These birds were intent at getting over the road. It wasn’t till I just looked at the image I noted they were in step. Just like the old Abbey Road Album cover. Don’t say I’m not showing my age!
Because of a family event, we were on the road early to Ballarat. On the way back, on my own, I dropped by the park. The weather was sunny and the wind had dropped off. Nice.
After about 15 minutes, Primrose came by and was quite happy to pose in the sunshine. No sight of Lochie, and I don’t know where he is, and she wasn’t telling.
Also the male Scarlet, I’ve decided he should be Will of Scarlet, sort of Robin Hood style. Will of Scarlet came by and was quite vocal. After about an hour, I saw him fly rapidly into a nearby bush, and another bird emerged out the back a couple of seconds later. At first it was hard to make out, and the light was never going to be great for a photo, but…. Lo and behold.. Its a female Scarlet Robin. She was in a hurry to feed, and to wing stretch, so I think we might have a nesting function going on. I hope so. Anyway that explains the male and his hunt and carry activities. What it doesn’t explain is his attention to the female red-cap. Or it might just be the birdy neighbourly thing. More watching me thinks.
On the way back to the car, a small feeding party of White-winged Choughs came by, the light was falling, but they got into a ruckus over a small area on the side of the road. Much calling, squawking, alarm calling and jumping in the air. They also seemed to be intent to keep one another away from what ever it was. When they moved on I had a look and a large ‘shingleback’ lizard has a hole there and he was quite put out that his afternoon in the sun had been disturbed. Several of the Choughs had white stuff on their wings which is pretty typical of birds that are sitting nest, with young who can now excrete, so there’s another generation of White-winged Choughs in there somewhere. How cool.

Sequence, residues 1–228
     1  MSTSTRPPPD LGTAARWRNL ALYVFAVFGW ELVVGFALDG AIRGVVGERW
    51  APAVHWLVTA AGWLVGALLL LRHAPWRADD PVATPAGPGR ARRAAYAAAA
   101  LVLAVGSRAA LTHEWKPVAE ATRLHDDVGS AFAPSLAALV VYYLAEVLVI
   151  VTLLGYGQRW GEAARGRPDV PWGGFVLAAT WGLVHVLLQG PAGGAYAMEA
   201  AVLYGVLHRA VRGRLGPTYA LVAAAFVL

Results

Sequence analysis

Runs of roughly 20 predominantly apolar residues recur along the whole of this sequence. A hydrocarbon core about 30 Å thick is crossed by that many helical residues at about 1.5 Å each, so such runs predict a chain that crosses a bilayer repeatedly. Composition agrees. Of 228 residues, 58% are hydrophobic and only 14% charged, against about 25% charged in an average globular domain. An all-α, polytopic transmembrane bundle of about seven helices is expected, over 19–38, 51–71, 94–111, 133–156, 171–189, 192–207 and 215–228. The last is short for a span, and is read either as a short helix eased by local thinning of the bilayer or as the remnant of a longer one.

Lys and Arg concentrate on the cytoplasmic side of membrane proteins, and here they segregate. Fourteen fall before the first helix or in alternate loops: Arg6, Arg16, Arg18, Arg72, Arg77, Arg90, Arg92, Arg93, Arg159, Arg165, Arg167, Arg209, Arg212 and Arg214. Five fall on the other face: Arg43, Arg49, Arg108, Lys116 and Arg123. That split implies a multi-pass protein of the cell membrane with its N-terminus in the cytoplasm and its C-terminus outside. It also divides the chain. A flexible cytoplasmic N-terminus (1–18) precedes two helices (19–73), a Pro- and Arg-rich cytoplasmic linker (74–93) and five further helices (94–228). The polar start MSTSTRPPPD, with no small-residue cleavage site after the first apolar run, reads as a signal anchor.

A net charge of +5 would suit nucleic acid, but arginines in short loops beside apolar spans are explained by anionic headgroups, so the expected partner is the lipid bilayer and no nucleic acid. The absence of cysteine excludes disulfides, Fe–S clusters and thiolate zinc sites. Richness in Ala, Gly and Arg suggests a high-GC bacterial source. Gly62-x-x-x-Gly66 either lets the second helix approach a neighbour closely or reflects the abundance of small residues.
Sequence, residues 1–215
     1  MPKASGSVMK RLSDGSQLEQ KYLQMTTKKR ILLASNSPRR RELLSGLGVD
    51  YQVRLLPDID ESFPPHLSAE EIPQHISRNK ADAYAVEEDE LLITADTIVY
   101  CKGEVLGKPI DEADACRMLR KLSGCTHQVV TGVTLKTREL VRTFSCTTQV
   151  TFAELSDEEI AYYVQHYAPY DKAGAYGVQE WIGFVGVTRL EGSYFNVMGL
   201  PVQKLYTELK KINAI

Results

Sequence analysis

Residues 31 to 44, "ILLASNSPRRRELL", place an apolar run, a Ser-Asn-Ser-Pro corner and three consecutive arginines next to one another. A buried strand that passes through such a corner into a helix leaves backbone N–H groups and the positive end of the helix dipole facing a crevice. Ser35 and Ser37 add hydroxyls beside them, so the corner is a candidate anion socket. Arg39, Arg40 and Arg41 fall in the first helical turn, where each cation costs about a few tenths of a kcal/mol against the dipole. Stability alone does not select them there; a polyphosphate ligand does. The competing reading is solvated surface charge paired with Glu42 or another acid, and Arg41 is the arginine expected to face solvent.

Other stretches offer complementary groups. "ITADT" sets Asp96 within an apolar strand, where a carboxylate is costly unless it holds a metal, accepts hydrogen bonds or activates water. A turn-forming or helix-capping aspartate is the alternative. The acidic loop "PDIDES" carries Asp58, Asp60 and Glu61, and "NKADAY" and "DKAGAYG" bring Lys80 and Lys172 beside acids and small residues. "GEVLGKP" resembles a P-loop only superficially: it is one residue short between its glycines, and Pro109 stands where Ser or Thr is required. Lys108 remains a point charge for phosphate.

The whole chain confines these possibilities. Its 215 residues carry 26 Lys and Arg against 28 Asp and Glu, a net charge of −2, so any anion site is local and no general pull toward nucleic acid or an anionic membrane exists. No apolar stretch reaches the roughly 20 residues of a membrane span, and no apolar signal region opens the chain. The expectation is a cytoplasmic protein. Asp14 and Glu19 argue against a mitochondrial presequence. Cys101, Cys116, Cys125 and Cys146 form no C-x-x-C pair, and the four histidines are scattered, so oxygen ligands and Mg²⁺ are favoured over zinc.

Enjoy the moments, we do.
So many places to go, so much to do, so little time.
When I first started looking at birds at Woodlands, I ran into a birdo, Ray, who shared with me a lot of his knowledge of the area. One bird he pointed out was the White-throated Treecreeper and its distinctive call. It is alway such a pleasure to hear them, and find them among the trees. The one Ray and I would find was a female, and for several seasons she didn’t seem to have a mate, then last season she turned up with a mate and eventually produced two young. But since then I have only be only to find the female.
I heard her calling in the long creekline off Gellibrand Hill, and after a few minutes was able to find her hard at work. After following her about for about 15 minutes, I didn’t find any mate or young, so she might be back on her own. But nice to see her again.
Also ran into a family of White-winged Choughs. Or more accurately they found me and sped off with great alarm calls. But then they settled down to feed and I was able to get within lens distance. Lighting wasn’t so good, and I was hoping to get some pics of them with the lovely wings spread out. But no such luck. They are such a a dumpy looking bird, yet they seem to glide about as if on gossamer. They have an elegance about the way they touch down for landing.
This one was in preening mode.